Freiberg's Disease is a painful condition that affects the second metatarsal head. This is the bony knuckle in the ball of the foot behind the second toe. It can also affect the third and fourth metatarsal bones, but they are less commonly affected.
More than 80% of cases are females, and most of those are women up to the age of 20 years. Children who are athletes are often most commonly affected, especially those who are on their toes a lot in sprinting or jumping. The primary complaint is often vague forefoot pain, worsened by activity and weight-bearing and relieved with rest.
Freiberg's Disease occurs in children when there is a disruption of blood flow to the tip of the bone because of excessive pressure. It happens at the site of the growth plate, which closes in adolescence and therefore does not affect adults. In some cases a mechanical cause is thought to be the reason for the condition. A traumatic event, such as a heavy blow, or several small incidents can also cause Freiberg's Disease.
Freiberg's Infarction is the term applied when it occurs to children. Infarct means tissue death because of lack of blood. It is likely the excessive pressure causes a small fracture to occur within the cartilage growth plate that is between the long shaft of the metatarsal bone and the head, cutting off the blood flow. On an x-ray the area will be transparent as calcium leaves the bone, which will collapse on itself. The process takes about a year and when it is complete, the bone will be denser and whiter. An x-ray will also show the flattening of the rounded tip of the metatarsal bone and thickening of the shaft.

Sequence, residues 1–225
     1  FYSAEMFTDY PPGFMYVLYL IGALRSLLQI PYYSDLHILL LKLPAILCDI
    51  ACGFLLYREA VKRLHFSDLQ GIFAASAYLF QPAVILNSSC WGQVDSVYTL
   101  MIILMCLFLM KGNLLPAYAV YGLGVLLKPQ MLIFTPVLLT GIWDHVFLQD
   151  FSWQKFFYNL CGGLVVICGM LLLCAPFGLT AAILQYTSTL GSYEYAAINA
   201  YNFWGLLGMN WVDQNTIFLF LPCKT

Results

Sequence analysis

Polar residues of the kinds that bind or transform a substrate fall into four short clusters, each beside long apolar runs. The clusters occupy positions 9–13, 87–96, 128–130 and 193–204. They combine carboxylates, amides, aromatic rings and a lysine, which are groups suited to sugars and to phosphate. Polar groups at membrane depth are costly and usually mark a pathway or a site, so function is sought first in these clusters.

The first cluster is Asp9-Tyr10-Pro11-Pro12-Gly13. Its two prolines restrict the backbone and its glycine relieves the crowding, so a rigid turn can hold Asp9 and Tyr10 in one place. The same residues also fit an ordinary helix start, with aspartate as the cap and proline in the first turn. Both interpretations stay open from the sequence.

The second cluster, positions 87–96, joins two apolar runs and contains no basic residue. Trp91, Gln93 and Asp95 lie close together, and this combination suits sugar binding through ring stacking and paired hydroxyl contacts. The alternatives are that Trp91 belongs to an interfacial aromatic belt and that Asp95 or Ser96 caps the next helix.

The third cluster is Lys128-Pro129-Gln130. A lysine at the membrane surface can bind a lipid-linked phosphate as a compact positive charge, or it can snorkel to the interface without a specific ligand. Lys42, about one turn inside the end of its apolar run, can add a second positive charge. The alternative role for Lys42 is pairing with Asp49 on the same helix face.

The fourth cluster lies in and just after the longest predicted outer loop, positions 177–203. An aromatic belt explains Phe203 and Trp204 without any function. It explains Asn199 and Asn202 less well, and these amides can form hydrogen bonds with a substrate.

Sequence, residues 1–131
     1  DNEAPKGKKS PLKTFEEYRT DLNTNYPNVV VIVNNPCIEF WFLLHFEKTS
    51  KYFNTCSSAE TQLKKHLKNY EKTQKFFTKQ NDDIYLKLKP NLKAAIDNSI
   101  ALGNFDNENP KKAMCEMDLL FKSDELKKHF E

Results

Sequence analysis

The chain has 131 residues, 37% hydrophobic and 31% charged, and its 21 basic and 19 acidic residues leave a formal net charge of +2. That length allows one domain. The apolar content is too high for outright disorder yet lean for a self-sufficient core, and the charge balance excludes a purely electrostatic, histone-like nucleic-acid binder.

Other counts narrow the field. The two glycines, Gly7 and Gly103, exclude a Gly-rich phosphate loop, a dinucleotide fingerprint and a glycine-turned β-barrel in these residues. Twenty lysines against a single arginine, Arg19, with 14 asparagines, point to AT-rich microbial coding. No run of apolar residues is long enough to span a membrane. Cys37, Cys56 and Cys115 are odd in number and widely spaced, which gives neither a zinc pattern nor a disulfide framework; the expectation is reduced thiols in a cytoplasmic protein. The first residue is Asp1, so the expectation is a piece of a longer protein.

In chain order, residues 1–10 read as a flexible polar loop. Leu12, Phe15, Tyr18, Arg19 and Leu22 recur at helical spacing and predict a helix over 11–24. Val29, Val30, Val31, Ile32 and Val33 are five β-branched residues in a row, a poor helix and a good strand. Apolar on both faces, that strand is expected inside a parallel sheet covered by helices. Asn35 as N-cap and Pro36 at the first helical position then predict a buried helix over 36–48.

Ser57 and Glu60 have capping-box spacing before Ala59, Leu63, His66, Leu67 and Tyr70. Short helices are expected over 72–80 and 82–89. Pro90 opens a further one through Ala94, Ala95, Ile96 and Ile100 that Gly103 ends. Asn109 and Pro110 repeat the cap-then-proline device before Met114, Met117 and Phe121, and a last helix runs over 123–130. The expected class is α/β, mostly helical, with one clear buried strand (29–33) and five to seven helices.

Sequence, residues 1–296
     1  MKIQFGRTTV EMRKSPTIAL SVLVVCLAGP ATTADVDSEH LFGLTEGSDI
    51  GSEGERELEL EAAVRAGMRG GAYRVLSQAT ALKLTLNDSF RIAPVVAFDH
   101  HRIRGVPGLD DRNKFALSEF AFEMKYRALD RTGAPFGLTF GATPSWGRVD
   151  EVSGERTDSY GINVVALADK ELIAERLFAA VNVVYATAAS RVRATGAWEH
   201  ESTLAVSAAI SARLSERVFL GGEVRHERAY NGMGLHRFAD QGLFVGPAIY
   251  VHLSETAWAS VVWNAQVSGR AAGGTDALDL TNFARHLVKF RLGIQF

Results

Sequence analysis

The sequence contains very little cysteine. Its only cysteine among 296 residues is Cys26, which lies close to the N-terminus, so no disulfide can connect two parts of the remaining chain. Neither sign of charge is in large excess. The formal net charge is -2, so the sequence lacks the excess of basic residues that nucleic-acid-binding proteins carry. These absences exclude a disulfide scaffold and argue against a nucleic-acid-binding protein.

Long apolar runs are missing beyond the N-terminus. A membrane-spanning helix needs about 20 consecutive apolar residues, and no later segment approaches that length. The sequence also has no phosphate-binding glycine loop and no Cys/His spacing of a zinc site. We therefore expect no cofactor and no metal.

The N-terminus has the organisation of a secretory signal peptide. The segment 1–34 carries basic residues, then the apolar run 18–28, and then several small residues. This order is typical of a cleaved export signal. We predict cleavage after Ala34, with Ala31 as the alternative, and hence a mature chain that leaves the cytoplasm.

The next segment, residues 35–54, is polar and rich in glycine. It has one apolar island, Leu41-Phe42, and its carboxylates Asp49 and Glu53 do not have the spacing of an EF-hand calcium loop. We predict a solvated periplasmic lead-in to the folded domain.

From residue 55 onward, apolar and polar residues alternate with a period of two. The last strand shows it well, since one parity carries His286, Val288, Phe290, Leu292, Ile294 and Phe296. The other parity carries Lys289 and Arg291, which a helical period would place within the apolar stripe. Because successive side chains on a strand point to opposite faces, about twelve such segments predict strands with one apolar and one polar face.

Freigberg's Infraction is applied to adults where the x-rays are similar. Most people have two or three arteries supplying blood to the area, but some have only one artery, making possible bone death. In others, the first metatarsal does not function properly and shuns its share of the body weight over the second, third, and fourth bones.
Treatment includes examination of the foot, which should show the area to be swollen, stiff, and painful. To find the tender spot, the podiatrist will flex the toe back as far as possible to expose the end of the metatarsal as well as the bottom surface. Treatment will focus on reducing the pressure on the second metatarsal head, by deflecting the pressure away from the area, causing the first metatarsal to take its share of the weight.
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